Federal court reject Arpaio's immigration lawsuit

This Jan. 9, 2013 file photo shows Maricopa County Sheriff Joe Arpaio speaking with the media in Phoenix. (Photo by Ross Franklin/AP)
This Jan. 9, 2013 file photo shows Maricopa County Sheriff Joe Arpaio speaking with the media in Phoenix.
A couple of weeks ago, President Obama's executive actions on immigration policy seemed to suffer a legal setback, though many of the headlines gave the public the wrong impression. A Republican judge in Pennsylvania, hearing a case of an undocumented man accused of "illegal re-entry," took it upon himself to condemn the White House's policy in a ruling.
But no one had brought a challenge of the president's policy to this district court, so the judge's complaints lacked any legal weight or consequence.
A few days later, however, we heard from a federal court that considered an actual challenge to the White House's actions. As Josh Gerstein reported, the president and his team have reason to be pleased with the ruling.

President Barack Obama's executive actions on immigration survived their first major court test Tuesday, when a federal judge tossed out a lawsuit claiming the president exceeded his constitutional power. U.S. District Judge Beryl Howell dismissed a challenge brought by Arizona Sheriff Joe Arpaio and backed by conservative legal activist Larry Klayman. Howell ruled that Arpaio had not shown the direct harm from Obama's actions needed to institute a lawsuit in the federal courts.

Howell, an Obama appointee, explained in her ruling, "The role of the Judiciary is to resolve cases and controversies properly brought by parties with a concrete and particularized injury -- not to engage in policymaking better left to the political branches. The plaintiff's case raises important questions regarding the impact of illegal immigration on this Nation, but the questions amount to generalized grievances which are not proper for the Judiciary to address."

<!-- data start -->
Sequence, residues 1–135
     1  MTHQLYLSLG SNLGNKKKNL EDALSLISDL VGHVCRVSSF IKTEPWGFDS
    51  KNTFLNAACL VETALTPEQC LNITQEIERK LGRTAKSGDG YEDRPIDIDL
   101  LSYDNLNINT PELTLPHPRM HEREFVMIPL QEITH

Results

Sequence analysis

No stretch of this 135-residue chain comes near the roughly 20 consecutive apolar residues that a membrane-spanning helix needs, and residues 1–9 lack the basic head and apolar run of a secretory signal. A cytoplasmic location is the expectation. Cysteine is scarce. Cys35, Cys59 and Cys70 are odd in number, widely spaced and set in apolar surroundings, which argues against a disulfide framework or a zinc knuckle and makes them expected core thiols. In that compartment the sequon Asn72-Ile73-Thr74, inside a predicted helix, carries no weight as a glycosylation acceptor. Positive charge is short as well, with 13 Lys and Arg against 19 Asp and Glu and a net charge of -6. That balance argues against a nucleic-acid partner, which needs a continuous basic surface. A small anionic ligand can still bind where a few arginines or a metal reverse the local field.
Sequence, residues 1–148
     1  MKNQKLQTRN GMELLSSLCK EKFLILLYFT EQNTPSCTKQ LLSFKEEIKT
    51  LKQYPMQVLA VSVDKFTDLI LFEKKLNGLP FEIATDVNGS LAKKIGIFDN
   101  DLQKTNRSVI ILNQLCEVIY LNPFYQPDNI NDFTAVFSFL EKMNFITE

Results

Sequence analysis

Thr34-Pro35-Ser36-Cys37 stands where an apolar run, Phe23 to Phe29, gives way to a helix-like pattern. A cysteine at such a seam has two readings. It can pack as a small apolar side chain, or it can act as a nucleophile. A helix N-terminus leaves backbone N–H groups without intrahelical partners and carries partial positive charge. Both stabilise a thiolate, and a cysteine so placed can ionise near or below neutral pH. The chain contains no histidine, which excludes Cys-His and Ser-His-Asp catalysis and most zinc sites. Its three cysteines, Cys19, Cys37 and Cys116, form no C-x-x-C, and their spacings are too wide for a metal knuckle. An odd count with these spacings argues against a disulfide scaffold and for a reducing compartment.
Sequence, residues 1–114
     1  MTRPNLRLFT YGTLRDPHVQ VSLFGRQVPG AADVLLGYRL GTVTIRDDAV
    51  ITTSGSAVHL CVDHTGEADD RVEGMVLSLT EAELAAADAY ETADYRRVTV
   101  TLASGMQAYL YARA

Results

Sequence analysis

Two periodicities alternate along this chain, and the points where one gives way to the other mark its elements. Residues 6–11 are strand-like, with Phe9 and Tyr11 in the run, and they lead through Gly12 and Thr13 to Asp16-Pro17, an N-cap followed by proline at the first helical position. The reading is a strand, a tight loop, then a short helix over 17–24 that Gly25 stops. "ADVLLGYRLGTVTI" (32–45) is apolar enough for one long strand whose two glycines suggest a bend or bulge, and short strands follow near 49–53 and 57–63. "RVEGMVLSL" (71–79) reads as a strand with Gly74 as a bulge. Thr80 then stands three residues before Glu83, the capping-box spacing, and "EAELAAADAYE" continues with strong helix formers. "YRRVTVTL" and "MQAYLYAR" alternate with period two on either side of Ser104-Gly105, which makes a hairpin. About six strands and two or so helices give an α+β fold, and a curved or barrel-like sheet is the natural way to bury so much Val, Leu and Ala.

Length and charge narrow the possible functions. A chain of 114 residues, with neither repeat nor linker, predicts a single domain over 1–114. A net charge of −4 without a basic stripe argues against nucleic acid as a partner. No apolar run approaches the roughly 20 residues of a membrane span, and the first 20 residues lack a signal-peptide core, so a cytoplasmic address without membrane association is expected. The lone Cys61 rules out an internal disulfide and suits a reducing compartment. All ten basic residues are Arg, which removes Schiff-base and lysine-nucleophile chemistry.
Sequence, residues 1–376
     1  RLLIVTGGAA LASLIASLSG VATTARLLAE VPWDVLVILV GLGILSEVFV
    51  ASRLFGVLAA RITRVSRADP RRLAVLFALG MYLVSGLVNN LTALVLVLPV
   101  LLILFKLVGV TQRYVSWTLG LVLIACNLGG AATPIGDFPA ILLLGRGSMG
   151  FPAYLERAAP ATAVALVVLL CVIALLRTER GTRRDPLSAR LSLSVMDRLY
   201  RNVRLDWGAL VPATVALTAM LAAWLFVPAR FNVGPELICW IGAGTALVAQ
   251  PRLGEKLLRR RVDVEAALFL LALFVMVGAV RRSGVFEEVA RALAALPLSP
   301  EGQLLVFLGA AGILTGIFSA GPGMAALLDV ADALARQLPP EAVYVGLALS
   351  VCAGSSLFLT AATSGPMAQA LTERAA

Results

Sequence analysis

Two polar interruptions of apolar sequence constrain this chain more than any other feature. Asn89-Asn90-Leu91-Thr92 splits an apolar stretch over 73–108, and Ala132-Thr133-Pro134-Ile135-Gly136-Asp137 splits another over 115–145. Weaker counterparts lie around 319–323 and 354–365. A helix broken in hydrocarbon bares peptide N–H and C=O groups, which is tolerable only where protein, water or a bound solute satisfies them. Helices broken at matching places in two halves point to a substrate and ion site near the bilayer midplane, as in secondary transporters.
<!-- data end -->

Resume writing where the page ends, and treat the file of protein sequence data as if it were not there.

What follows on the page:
The outcome was hardly a surprise. The challenge for the White House's critics is that it's tough to establish standing in a case like this -- going to federal court and complaining that you don't like an executive action isn't the same thing as demonstrating harm as a result of the action.
The right-wing litigants have already taken the case to the D.C. Circuit Court of Appeals, where most legal analysts expect a very similar outcome.
"Judge Howell's decision today confirms what the Department of Justice and scholars throughout the country have been saying all along: the President's executive actions on immigration are lawful," White House spokesperson Eric Schultz said in a statement. "The Supreme Court and Congress have made clear that federal officials can set priorities in enforcing our immigration laws, and the actions announced by the President are consistent with those taken by administrations of both parties for the last half century."
Our pals at "The Ed Show" had a good segment on the case last week that's worth checking out: